Turkish state pressure could be behind police probe into banned group, say campaigners
Police Scotland is running the risk of victimising and criminalising an entire community, Kurdish campaigners have warned.
They spoke out following reports that officers are investigating alleged fundraising on behalf of a banned organisation.
It has been reported that police are looking at links between members of Scotland’s Kurdish community and the left wing Kurdistan Workers Party (PKK), which is proscribed as a terrorist organisation.
However, Scottish Solidarity with Kurdistan (SSK) says it is worried pressure is being brought to bear by the Turkish state, which is engaged in a deadly struggle with Kurdish rebels who want to establish a homeland in an area which takes in the south-east of the country.
Stephen Smellie, co-convenor of SSK, said: “The Kurdish community in Scotland is made up mostly of people who fled Kurdistan due to the oppression they suffered under the regimes in Iraq, Iran, Syria and Turkey.
“They have settled in Scotland, got jobs, started businesses and raised families. Many are from Turkey where they suffered violence and victimisation as Kurds. In the past couple of years they have watched as the Turkish government has ended any dialogue about peace with imprisoned Kurdish leader Abdullah Ocalan and other Kurdish leaders, including the PKK, and stepped up violent attacks against the Kurds and their representatives.
“Last year many participated in protests in Scotland against the violence, the deaths of hundreds of civilians and the arrest and imprisonment of hundreds of Kurdish activists and elected politicians including MPs and the co-leaders of the pro-Kurdish Peace and Democracy Party. They also protested at Turkish policies in Syria where Turkey in the past has supported ISIS and has recently attacked the Kurdish forces that have been fighting and defeating ISIS.
“In a sinister move last year some Kurdish people in Scotland were contacted by Turkish officials and advised not to support any protests as this could cause them trouble if they wished to visit Turkey in the future.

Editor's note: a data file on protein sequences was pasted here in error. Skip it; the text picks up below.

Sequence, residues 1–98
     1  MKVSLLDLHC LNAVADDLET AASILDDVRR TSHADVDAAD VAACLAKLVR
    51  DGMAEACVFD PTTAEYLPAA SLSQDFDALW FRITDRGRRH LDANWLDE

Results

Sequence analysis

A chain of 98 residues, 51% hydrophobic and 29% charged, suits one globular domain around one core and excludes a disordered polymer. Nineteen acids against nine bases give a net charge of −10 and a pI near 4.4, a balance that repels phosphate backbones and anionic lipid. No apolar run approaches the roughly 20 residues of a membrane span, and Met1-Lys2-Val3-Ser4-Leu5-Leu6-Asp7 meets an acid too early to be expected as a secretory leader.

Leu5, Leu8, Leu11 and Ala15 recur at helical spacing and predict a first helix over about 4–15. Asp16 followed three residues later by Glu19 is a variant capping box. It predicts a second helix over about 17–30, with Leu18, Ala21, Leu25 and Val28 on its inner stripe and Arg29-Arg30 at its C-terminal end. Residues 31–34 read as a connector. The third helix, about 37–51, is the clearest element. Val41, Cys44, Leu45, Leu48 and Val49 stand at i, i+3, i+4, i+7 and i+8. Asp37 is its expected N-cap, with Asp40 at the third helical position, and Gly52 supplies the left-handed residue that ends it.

“Therefore there is a view that the police investigation has been instigated at the suggestion of Turkish officials seeking to further intimidate the community here in Scotland. It is easy enough to suggest that someone is supporting the PKK and then have their lives disrupted by police investigations.”
SSK has called for the PKK to be removed from the UK’s terrorist list and for Kurdish leader Abdullah Ocalan to be released from prison to allow him to lead negotiations for a peaceful solution to the Kurdish question.
Smellie explained: “Millions of Kurds do not regard the PKK as terrorists but as part of their movement for justice. The PKK has repeatedly stated that they support a peaceful solution within the boundaries of the Turkish state and not a breakaway state.
“We are concerned that Scottish police are, albeit inadvertently, being used to intimidate and criminalise the Scottish Kurdish community and call on the police and politicians to give re-assurances to the Kurdish people that they will not allow the Turkish government to intimidate people in Scotland.”
Police Scotland said its elite Organised Crime and Counter Terrorism Unit was leading what it described as a “multi-agency investigation into individuals assessed to be fundraising for a proscribed terrorist organisation”.